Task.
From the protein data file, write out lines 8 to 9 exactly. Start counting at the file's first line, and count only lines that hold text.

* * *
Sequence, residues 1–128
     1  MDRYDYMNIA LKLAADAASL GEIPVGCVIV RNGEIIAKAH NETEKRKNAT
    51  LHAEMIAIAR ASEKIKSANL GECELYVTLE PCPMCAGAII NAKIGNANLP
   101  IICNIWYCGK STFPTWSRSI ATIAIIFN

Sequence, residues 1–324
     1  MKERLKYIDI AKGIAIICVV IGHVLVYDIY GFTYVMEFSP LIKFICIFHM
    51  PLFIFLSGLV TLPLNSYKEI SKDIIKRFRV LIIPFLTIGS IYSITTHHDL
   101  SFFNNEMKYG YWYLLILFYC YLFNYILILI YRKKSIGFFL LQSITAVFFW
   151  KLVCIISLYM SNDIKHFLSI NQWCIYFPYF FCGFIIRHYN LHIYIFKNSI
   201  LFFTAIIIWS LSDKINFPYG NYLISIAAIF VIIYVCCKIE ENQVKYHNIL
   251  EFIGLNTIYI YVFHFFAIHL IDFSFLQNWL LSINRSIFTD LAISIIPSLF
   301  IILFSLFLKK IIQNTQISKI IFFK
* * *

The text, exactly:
   101  SFFNNEMKYG YWYLLILFYC YLFNYILILI YRKKSIGFFL LQSITAVFFW
   151  KLVCIISLYM SNDIKHFLSI NQWCIYFPYF FCGFIIRHYN LHIYIFKNSI